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Getting people to think about their code is no bad idea.  I've added a
couple of comments below...

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Not guaranteed in what way?  You are not guaranteed that p will be a
valid pointer, but you don't require it to be a valid pointer - all that
is required is that "p = s - 1" followed by "p++" leaves p equal to s.
I'm not good enough at the laws of C to tell you if this is valid, but
the laws of real life implementation say that it *is* valid on standard
2's complement cpus, *assuming* you do not have any sort of saturated
arithmetic.

In other words, the assumption is valid on most systems, but may be
risky on some DSPs or on dinosaurs.

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In what way could it not be meaningful here?  In particular, the code is
correct even in a 32-bit int, 64-bit pointer environment.

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Again, this is valid on everything bar a few dinosaurs.

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Ditto.


This is clearly an assumption that is not valid in general (although
perfectly acceptable in the context of this webpage, which assumes an
x86 in 32-bit mode).

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No, the assumption is that the ratio of two size_t items is compatible
with int.  This may or may not be valid according to the laws of C.

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This is implied by (5), so it's not a new assumption.

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I'm not quite sure what you mean here, but I think this is implied by
(3) and (4).

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That's incorrect.  No machine (that I can imagine) would segfault on p =
s - 1.  It might segfault if p is then dereferenced, but it never is
(until it has been incremented again).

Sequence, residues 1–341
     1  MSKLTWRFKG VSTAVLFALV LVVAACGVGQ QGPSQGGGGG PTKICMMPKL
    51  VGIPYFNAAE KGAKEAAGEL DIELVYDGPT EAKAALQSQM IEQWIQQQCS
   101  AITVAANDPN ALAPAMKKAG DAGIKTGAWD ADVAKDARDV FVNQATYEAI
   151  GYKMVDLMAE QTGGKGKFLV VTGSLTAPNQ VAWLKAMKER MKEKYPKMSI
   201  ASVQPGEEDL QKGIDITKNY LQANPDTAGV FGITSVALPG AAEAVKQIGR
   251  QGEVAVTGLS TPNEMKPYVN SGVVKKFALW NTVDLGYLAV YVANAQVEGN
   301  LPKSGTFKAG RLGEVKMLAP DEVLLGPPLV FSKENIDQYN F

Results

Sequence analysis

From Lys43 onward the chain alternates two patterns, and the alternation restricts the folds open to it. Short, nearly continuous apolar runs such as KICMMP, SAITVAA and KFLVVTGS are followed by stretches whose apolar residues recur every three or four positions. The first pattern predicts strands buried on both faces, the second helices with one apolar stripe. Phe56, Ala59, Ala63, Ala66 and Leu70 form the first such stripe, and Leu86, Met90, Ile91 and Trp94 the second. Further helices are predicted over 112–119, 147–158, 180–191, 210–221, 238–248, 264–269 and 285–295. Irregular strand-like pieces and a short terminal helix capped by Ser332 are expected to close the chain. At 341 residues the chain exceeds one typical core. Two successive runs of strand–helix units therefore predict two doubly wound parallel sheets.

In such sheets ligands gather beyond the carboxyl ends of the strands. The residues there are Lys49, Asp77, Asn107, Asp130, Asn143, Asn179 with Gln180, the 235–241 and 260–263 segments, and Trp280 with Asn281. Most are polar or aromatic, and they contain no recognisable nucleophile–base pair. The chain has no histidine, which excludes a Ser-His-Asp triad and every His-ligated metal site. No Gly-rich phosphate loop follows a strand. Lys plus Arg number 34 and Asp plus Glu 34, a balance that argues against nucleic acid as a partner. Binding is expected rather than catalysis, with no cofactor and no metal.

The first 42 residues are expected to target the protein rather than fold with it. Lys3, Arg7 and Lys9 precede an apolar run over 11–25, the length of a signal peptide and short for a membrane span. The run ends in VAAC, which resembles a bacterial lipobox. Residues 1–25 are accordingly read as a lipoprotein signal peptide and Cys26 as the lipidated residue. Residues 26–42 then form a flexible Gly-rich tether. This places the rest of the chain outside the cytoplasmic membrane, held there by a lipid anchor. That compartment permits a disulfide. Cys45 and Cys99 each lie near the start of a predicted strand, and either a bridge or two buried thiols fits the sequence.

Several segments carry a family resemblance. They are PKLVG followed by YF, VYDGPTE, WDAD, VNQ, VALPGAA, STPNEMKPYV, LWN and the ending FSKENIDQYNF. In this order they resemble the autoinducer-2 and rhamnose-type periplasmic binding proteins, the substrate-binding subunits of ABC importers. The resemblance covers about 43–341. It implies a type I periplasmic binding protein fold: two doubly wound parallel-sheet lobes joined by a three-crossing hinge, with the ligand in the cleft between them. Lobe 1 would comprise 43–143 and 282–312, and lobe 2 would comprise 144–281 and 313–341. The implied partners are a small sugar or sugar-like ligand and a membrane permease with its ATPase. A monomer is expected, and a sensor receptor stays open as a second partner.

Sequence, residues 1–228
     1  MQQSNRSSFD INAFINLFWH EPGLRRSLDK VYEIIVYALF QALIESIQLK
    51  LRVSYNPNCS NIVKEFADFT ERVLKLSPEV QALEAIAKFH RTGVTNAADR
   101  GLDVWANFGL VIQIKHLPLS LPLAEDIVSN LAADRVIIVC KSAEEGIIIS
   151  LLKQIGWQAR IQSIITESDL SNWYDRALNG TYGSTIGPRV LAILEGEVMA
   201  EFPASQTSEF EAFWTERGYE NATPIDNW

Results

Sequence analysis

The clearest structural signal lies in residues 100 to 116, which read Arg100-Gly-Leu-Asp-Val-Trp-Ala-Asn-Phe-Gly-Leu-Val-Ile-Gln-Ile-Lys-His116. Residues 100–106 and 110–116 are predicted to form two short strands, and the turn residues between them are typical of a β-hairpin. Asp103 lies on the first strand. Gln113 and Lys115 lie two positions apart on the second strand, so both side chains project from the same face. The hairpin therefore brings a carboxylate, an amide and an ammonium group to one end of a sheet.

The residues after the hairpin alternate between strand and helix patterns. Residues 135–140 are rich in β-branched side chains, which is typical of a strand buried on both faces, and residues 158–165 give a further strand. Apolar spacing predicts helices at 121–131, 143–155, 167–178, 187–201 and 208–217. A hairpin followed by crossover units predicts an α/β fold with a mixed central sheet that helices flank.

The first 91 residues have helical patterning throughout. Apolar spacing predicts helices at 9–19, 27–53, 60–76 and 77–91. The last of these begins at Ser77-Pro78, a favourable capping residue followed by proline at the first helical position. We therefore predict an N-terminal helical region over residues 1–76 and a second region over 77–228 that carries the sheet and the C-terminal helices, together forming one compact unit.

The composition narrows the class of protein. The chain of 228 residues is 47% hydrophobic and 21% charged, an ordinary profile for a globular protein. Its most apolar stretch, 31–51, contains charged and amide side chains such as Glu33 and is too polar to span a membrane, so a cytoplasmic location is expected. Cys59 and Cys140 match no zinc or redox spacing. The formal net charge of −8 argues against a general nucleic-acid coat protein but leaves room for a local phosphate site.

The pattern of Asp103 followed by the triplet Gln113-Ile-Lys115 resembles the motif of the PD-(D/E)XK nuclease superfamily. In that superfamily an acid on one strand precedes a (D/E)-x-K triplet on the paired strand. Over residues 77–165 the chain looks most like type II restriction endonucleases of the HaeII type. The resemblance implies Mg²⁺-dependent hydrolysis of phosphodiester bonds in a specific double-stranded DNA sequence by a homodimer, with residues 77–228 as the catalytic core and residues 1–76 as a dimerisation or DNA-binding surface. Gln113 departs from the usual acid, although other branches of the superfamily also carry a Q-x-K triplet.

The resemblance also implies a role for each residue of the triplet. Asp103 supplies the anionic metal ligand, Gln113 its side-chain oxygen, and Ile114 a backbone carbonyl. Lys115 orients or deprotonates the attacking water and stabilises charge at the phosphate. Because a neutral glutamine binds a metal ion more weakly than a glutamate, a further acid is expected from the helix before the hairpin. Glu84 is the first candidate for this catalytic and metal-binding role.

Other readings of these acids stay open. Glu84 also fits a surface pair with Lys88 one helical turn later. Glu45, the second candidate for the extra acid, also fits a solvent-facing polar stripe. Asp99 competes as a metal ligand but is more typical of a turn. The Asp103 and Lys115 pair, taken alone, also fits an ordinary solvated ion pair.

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Since strlen is supplied by the system, it is reasonable to make
assumptions about the system when writing it.  It is *impossible* to
write good C code for a low-level routine like this without making
assumptions.  The nearest you can get to a portable solution is a
horrible mess involving pre-processor directives to generate different
code depending on the target architecture.  *All* the assumptions made
here are valid in that context - the code is good.


As a general point, however, it is important to comment such routines
with their assumptions, and possibly use pre-processor directives to
give an error if the assumptions are not valid.  In particular, this
code assumes a 32-bit int, 8-bit char model, and an otherwise standard CPU.

<snip similar analysis>

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I'm following this in comp.arch.embedded, where we see a lot of
different target architectures, and where efficient code is perhaps more
important than in the world of "big" computers (at least, a higher
proportion of "big" computer programmers seem to forget about
efficiency...).  There are two things about such target-specific
assumptions, in embedded programming - you should make such assumptions,
for the sake of good code, and you must know what they are, for the sake
of correct and re-usable code.

Re: Making Fatal Hidden Assumptions
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Merely subtracting 1 from s, renders the entire code undefined.
You're "off the map" as far as the laws of C are concerned.
On comp.lang.c,
we're mostly interested in what the laws of C *do* say
is guaranteed to work.

--
pete

Re: Making Fatal Hidden Assumptions

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It seems to me ironic that, in a discussion about hidden assumptions, the
truth of this remark requires a hidden assumption about how the function
is called.  Unless I am missing something big, p = s - 1 is fine unless s
points to the first element of an array (or worse)[1].  One can imagine
situations such as "string pool" implementations where all strings are
part of the same array where p = s - 1 is well defined. (You'd have to
take care with the first string: char pool[BIG_NUMBER]; char *pool_start =
pool + 1;).

[1] Since this is a language law discussion, we need to take the
definition from the standard where T *s is deemed to point to an array of
size one if it points to an object of type T.  By "worse" I mean that s
does not point into (or just past) an array at all.

--
Ben.